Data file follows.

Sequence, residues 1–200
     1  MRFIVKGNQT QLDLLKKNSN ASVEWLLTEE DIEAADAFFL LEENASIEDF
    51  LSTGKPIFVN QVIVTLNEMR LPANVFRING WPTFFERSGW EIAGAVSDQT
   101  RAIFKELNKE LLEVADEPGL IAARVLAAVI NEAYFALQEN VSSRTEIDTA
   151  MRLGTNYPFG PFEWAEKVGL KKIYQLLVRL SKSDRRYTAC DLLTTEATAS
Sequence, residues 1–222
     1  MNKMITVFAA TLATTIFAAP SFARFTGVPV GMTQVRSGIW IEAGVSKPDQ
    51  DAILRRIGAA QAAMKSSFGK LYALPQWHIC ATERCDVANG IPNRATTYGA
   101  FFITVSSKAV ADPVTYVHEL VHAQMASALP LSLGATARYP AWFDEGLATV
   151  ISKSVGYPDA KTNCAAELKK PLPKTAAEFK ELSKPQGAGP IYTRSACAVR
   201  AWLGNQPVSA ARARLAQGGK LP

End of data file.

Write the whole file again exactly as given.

Sequence, residues 1–200
     1  MRFIVKGNQT QLDLLKKNSN ASVEWLLTEE DIEAADAFFL LEENASIEDF
    51  LSTGKPIFVN QVIVTLNEMR LPANVFRING WPTFFERSGW EIAGAVSDQT
   101  RAIFKELNKE LLEVADEPGL IAARVLAAVI NEAYFALQEN VSSRTEIDTA
   151  MRLGTNYPFG PFEWAEKVGL KKIYQLLVRL SKSDRRYTAC DLLTTEATAS
Sequence, residues 1–222
     1  MNKMITVFAA TLATTIFAAP SFARFTGVPV GMTQVRSGIW IEAGVSKPDQ
    51  DAILRRIGAA QAAMKSSFGK LYALPQWHIC ATERCDVANG IPNRATTYGA
   101  FFITVSSKAV ADPVTYVHEL VHAQMASALP LSLGATARYP AWFDEGLATV
   151  ISKSVGYPDA KTNCAAELKK PLPKTAAEFK ELSKPQGAGP IYTRSACAVR
   201  AWLGNQPVSA ARARLAQGGK LP